5. How will I get to my follow up medical appointment and to outpatient physical therapy if needed?
6. Have I contacted my insurance company? Do I have co-pays or deductibles?
Note: If your insurance company states that you have coverage for skilled nursing facility (rehab), that does NOT mean that you will necessarily qualify for it.
Your insurance company may determine that you are safe to discharge directly to home. They do not consider stairs or living alone a reason for discharge to a skilled nursing facility. Your progress will be reviewed in the 1-3 days post-op. If your insurance company determines that you are safe to discharge to home with homecare services, but you feel that you want to go to inpatient rehab, then you will be responsible for paying the daily rate privately.
The average length of stay at a rehabilitation or skilled nursing facility is 5-10 days before discharge to home. Please refer to your Guide to Total Joint Replacement for further details.
Q: Will I need help at home?
Yes. Family and friends will need to be available to help for the first week following your surgery. Your home care coordinator will arrange for a nurse and physical therapist to come to your house as needed.
Q: What if I live alone?
Plan to have your surgery when family members or friends will be available to help for the first week after surgery. Living alone is not a factor in your Insurance approving payment at a skilled nursing facility, even if you have coverage. Qualifying for a skilled nursing facility will be determined by your insurance company after your surgery, based on your medical needs.
Q: Will I need any equipment?
Yes. A raised toilet seat or commode, standard walker, a tub bench and grab bars in the tub or shower will be helpful. If you have stairs at home, a cane or crutch will be needed to use on the stairs. Your occupational therapist may also recommend a reacher, a sock aid, a long-handled shoehorn, elastic shoelaces, a long-handled sponge or back brush.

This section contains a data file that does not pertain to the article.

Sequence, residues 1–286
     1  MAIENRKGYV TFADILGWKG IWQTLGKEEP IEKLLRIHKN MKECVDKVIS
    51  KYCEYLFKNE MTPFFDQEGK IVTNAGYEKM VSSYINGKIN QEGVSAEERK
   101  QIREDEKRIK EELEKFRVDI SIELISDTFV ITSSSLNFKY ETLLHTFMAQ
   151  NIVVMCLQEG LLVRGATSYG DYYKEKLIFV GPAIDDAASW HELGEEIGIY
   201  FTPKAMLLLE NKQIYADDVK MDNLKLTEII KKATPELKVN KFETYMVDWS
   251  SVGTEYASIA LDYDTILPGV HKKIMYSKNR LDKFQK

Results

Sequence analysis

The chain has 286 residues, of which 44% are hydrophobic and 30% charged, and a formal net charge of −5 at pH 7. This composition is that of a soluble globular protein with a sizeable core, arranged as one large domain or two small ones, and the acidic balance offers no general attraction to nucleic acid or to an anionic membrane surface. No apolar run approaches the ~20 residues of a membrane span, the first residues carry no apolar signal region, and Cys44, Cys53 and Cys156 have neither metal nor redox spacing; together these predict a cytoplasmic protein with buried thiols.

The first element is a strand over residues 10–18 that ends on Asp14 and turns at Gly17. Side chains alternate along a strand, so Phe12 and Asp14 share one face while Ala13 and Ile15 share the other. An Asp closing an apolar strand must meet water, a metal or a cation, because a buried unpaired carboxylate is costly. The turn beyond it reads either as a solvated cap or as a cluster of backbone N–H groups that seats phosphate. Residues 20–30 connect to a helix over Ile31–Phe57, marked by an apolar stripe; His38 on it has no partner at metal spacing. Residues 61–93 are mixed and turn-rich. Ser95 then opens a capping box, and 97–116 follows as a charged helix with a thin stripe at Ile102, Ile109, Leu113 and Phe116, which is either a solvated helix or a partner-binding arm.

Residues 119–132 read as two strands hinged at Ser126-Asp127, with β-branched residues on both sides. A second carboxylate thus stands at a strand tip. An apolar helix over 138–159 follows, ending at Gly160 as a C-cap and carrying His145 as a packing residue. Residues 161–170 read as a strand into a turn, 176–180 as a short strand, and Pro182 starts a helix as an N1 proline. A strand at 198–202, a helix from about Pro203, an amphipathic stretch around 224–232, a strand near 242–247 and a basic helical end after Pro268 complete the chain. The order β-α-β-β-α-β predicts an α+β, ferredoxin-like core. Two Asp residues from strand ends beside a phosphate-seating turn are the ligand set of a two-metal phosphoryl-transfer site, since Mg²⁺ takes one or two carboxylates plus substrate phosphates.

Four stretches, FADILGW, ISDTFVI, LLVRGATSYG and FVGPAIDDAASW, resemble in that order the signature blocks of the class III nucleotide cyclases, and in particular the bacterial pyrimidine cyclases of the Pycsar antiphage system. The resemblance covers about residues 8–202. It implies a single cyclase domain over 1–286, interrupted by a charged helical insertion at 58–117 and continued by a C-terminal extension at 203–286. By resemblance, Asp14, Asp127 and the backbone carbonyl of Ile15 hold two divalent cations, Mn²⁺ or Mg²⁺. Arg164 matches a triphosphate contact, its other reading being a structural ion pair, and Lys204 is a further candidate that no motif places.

Q: Will I need physical therapy when I go home?
Yes. The home care coordinator will arrange for a physical therapist to provide therapy in your home. The length of time needed for physical therapy after surgery should be discussed with your surgeon.
Q: Will I need occupational therapy?
Yes. We recommend an occupational therapist evaluate your ability to manage your activities of daily living in your own home. He/she guide you safely through your hygiene, dressing and homemaking skills while following your joint precautions.
Q: How long until I can drive and get back to normal?
You may not drive until cleared by your surgeon.
Q: When will I be able to go back to work?
As approved by your surgeon, usually 6 weeks for non-physical work and 12 weeks for more strenuous work.
Q: When can I have sexual intercourse?
The time to resume sexual intercourse is usually between 3 to 6 weeks. Your occupational therapist has a guide on sexual intercourse and will discuss it with you upon request.
Q: How often will I need to be seen by my surgeon following the surgery?
Your first post-operative office visit will be:
• 4 to 6 weeks after your surgery for Total Hip Replacements, or
• 2 to 6 weeks after your surgery for Total Knee Replacements.
The frequency of follow-up visits will depend on your progress. Many patients are seen at 6 weeks, 12 weeks, and then yearly or as directed.
Q: What physical/recreational activities may I participate in after my recovery?
You are encouraged to participate in low impact activities such as walking, dancing, golfing, hiking, swimming, bowling, bicycling, boating and gardening. It is recommended to discuss activities with your surgeon.
Q: Will I notice anything different about my joint?
Yes. You may have a small area of numbness to the outside of the scar, the joint may feel stiff with movement.
Total Knee Replacement: There may be a slight swelling and warmth for a year. A "clicking" sound or sensation is a common finding and represents normal mechanical contact of the plastic and metal components in your knee prosthesis